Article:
An unwavering commitment to ensuring the city lives within its means while maintaining the values of the community has been Opanyi K. Nasiali’s guiding principle.
In the four years he’s served as a Claremont city councilmember, Mr. Nasiali has worked in cooperation with his colleagues and city staff to stabilize the city’s finances without increasing taxes, reform city pensions and attract new business development.
Ophelia’s Jump will present a German-themed Valentine’s Day event this Saturday, February 14 at 8 p.m.
The local repertory company invites you to “das Kabarett der Liebe,” a Weimar cabaret featuring food, wine and music. Entertainers performing works by greats such as Kurt Weill and Bertolt Brecht will wind their way through love’s highs and lows through song and comedy.
Tickets for this event, which will be held at the Women’s Club of Claremont (343 W. 12th St. in Claremont), are $35. For tickets and information, call the box office at (909) 624-1464 or visit www.opheliasjump.org.
Augie’s Coffee Roasters and à la minute have teamed up to enliven the Claremont Packing House, opening their doors on December 9, 2014. With their shared passion for organic products and unique ideology about thoughtful creation, their store is causing a culinary revolution in the City of Trees.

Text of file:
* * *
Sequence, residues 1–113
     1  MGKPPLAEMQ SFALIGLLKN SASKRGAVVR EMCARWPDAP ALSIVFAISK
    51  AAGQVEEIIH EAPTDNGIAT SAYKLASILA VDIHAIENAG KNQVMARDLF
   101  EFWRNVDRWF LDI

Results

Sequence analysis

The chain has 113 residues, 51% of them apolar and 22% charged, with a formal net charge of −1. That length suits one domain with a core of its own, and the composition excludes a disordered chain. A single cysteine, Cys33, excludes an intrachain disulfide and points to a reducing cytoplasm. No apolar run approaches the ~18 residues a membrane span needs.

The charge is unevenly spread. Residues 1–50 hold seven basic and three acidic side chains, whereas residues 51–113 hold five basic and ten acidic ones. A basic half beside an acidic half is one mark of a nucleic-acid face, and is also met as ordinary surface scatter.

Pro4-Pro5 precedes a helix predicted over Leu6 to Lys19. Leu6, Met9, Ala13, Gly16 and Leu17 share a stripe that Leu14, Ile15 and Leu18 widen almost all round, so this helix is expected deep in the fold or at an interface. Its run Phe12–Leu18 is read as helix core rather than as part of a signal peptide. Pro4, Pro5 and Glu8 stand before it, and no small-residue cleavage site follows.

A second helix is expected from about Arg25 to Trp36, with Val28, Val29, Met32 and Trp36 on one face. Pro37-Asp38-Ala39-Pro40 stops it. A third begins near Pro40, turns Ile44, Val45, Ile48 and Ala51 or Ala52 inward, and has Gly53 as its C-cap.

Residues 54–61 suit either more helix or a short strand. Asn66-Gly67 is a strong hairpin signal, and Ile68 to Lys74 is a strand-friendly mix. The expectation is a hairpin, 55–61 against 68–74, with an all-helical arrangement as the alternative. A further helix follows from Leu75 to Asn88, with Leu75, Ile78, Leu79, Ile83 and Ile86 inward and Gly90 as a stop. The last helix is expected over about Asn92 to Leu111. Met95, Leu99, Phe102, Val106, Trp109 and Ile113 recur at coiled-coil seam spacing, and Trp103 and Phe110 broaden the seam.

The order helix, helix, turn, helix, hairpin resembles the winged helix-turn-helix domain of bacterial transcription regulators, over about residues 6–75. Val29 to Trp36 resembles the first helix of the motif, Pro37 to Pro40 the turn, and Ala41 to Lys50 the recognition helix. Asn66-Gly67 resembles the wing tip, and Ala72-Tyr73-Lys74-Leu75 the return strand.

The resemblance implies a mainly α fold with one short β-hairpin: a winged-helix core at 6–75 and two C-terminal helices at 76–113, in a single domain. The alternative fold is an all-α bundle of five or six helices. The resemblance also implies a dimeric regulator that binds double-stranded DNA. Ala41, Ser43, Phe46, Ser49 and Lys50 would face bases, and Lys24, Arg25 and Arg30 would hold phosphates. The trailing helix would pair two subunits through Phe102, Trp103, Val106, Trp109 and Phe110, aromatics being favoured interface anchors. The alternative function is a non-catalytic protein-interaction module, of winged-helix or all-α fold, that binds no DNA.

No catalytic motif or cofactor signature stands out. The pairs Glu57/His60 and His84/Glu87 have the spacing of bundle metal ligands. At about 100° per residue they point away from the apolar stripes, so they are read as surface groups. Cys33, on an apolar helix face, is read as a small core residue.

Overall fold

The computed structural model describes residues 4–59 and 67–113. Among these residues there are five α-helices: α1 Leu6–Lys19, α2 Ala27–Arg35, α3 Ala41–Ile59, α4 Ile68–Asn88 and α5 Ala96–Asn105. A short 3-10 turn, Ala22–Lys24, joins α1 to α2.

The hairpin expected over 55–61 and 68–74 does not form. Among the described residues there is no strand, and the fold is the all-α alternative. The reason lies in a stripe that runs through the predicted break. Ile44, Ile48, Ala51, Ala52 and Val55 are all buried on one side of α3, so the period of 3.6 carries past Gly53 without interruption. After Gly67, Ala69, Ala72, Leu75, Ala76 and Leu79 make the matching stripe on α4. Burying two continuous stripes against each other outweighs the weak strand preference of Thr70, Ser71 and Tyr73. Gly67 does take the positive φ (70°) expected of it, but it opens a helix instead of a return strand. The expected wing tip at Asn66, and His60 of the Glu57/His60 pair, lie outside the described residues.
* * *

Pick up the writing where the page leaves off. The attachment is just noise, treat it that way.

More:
This new partnership is a veritable match made in heaven.
The past year has seen significant changes in Claremont’s business scene. A number of places have closed their doors including Casa del Salsa, a Mexican restaurant that graced the Claremont Schoolhouse property for more than a decade. As the saying goes, when a door closes, a window opens. A number of new establishments have hung out a shingle in Claremont, including two side-by-side shops in the Village West area, the music-themed clothing boutique Playlist Clothing and the Stix Rideshop. They are located at 175 N. Indian Hill Blvd. Augie’s Coffee House and the á la minute ice creamery, above, have set up shop shared space at the Claremont Packing House.
If the effectiveness of Claremont’s law enforcement has ever been called into question, one just needs to review the city’s 2014 crime statistics to know the department’s partnership with the community makes a difference.
Claremont burglaries are the lowest they’ve been since 1999 and for the second year in a row, the city has experienced an overall four percent reduction in Part I crimes compared to the previous year.
Construction began this week on retrofit improvements to the two multi-tenant monument signs at the Old School House, located on Indian Hill and Foothill Boulevards, according to the city manager’s report.
The signs have been removed and will be reinstalled sometime in mid-February.
The retrofit design received approval from the architectural commission last summer, and is intended to help address community concerns and inconsistencies with the previous sign construction.
Workers contracted by the city of Claremont continue their work taking out trees along Foothill and Indian Hill Boulevards. Most have been deemed dangerous due to poor health and is part of a larger plan for the maintenance of Foothill within the city limits. Some traffic delays are to be expected, but no road closures. COURIER photo/Peter Weinberger